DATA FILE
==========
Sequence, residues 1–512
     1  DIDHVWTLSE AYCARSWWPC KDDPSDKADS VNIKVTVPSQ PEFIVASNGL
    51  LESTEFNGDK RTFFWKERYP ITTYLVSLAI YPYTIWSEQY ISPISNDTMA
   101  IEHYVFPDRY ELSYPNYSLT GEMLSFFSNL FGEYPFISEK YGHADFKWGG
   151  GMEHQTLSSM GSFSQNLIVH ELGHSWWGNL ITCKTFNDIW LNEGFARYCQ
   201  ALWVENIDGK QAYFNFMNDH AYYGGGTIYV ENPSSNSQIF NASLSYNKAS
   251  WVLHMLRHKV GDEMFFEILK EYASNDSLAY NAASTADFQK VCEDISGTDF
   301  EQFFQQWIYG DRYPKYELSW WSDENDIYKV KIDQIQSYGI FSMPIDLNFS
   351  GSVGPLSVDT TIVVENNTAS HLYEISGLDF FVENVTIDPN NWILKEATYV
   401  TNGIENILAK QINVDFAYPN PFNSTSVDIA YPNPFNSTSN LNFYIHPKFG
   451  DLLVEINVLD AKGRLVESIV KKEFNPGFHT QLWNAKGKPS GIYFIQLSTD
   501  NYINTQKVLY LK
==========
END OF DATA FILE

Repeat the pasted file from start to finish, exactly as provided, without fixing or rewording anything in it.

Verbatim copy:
Sequence, residues 1–512
     1  DIDHVWTLSE AYCARSWWPC KDDPSDKADS VNIKVTVPSQ PEFIVASNGL
    51  LESTEFNGDK RTFFWKERYP ITTYLVSLAI YPYTIWSEQY ISPISNDTMA
   101  IEHYVFPDRY ELSYPNYSLT GEMLSFFSNL FGEYPFISEK YGHADFKWGG
   151  GMEHQTLSSM GSFSQNLIVH ELGHSWWGNL ITCKTFNDIW LNEGFARYCQ
   201  ALWVENIDGK QAYFNFMNDH AYYGGGTIYV ENPSSNSQIF NASLSYNKAS
   251  WVLHMLRHKV GDEMFFEILK EYASNDSLAY NAASTADFQK VCEDISGTDF
   301  EQFFQQWIYG DRYPKYELSW WSDENDIYKV KIDQIQSYGI FSMPIDLNFS
   351  GSVGPLSVDT TIVVENNTAS HLYEISGLDF FVENVTIDPN NWILKEATYV
   401  TNGIENILAK QINVDFAYPN PFNSTSVDIA YPNPFNSTSN LNFYIHPKFG
   451  DLLVEINVLD AKGRLVESIV KKEFNPGFHT QLWNAKGKPS GIYFIQLSTD
   501  NYINTQKVLY LK